"Ukraine is teetering on the brink of a retrograde election and Moscow-tilted satrapy. This is unacceptable."

Go to the web page of your very own CIA: cia.gov, and find the link to their World Factbook. Compare the vital statistics found there for Ukraine and that "Moscow-tilting satrapy" Belarus. You will find there that people in Belarus have a higher birth rate, a lower death rate, and have fewer of their babies die than people in Ukraine.

Belarus:
http://www.cia.gov/cia/publications/factbook/geos/bo.html

Ukraine:
http://www.cia.gov/cia/publications/factbook/geos/up.html

Perhaps you will then come to understand that, for the people who have to live there, there are worse things than living in a "Moscow-tilting satrapy". And one of them is living in a "Washington-tilting satrapy".
 
No one in Washington seems to recognize that the west orientation only benefits a few elites in the post Soviet space, the ordinary person still depends on the tie to Russia. Saakashvili and his cronies can go to the west but the average georgian doesn't have that luxury.
 
I have to disagree that Turkey is "firmly in the Western orbit." Turkey could easily spin out of the Western orbit if its interests are constantly ignored.

Turkey is not threatened by Russia the way Turkey was threatened by the USSR. In fact, Turkey has booming relations with Russia and similar perspectives about the international system. Turkey is also not threatened by Iran. There is no incentive for Ankara to carry Washington's water in needlessly antagonzing Moscow or Tehran if Washington can't guarantee that there will be no Kurdistan and that Turkey will be admitted to the EU.
 
The comparison of Belarus-Ukraine made by Anonymous misses the larger point -- if a country desires economic growth, rising living standards, and individual liberty, it must adopt a "western" model. The tired old authoritarian model offers nothing in the long run other than being left behind by the modern world.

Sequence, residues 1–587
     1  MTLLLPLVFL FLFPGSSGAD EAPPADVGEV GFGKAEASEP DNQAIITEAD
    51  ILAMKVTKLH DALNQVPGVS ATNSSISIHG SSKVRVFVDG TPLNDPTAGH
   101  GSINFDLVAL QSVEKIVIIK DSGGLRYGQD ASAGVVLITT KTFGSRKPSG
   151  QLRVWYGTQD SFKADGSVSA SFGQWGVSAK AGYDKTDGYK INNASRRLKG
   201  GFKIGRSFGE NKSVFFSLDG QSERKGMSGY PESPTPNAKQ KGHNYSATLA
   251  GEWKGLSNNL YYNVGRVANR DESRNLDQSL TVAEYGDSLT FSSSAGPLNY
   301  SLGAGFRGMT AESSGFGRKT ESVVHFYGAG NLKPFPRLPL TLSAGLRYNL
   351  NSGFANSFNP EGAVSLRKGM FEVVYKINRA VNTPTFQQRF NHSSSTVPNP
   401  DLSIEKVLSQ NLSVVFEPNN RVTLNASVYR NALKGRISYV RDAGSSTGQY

It's in the interests of the Russians themselves (though not their leaders) that this model take root in the FSU.
 
"The comparison of Belarus-Ukraine made by Anonymous misses the larger point -- if a country desires economic growth, rising living standards, and individual liberty, it must adopt a "western" model. The tired old authoritarian model offers nothing in the long run other than being left behind by the modern world"

And life. But I guess that's still missing the point.

"It's in the interests of the Russians themselves (though not their leaders) that this model take root in the FSU."

Interesing that you know so much about what is in the interests of the Russians themselves. Pray tell Charlie, how did you acquire it? Or are you just upset that Vladimir differs from Boris in that dosen't say "How high?" on the way up when the US says "Jump!"?
 
What did Putin for Russia and neighbouring countries?


Improved democracy and freedom? - No.
Reformed economy? - No.
Solved problem at Caucasus? - No.


What is a reality in Russia:

Putin became billionaire!

- confiscation of big private businesses
- just illusion of stability
- corruption is flourishing everywhere
- no democracy, no free press and no real freedom of speach.
- rising costs of living.
- 60% of budget comes from oil and gas
- no economic reform
- militarisation
- exKGB and FSB officers rule almost everything
- intimidation & economic and political provocations in neighbouring countries and EU
- growing xenophobia and nationalism



Russia is going to collaps and nightmere just after the prices for oil drop less 45$. The question is just time.....